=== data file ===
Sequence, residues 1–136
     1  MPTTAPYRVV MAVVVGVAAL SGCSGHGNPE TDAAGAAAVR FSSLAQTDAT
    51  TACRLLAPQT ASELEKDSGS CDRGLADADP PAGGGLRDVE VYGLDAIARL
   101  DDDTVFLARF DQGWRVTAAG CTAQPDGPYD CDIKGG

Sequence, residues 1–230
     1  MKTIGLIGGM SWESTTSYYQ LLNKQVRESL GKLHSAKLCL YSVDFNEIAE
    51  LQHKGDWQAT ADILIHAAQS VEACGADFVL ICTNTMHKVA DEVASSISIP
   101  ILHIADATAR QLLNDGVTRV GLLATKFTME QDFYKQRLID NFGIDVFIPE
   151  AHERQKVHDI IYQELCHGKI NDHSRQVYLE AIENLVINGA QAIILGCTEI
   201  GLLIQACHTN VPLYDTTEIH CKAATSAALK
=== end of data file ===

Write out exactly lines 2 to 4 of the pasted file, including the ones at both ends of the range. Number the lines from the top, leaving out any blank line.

     1  MPTTAPYRVV MAVVVGVAAL SGCSGHGNPE TDAAGAAAVR FSSLAQTDAT
    51  TACRLLAPQT ASELEKDSGS CDRGLADADP PAGGGLRDVE VYGLDAIARL
   101  DDDTVFLARF DQGWRVTAAG CTAQPDGPYD CDIKGG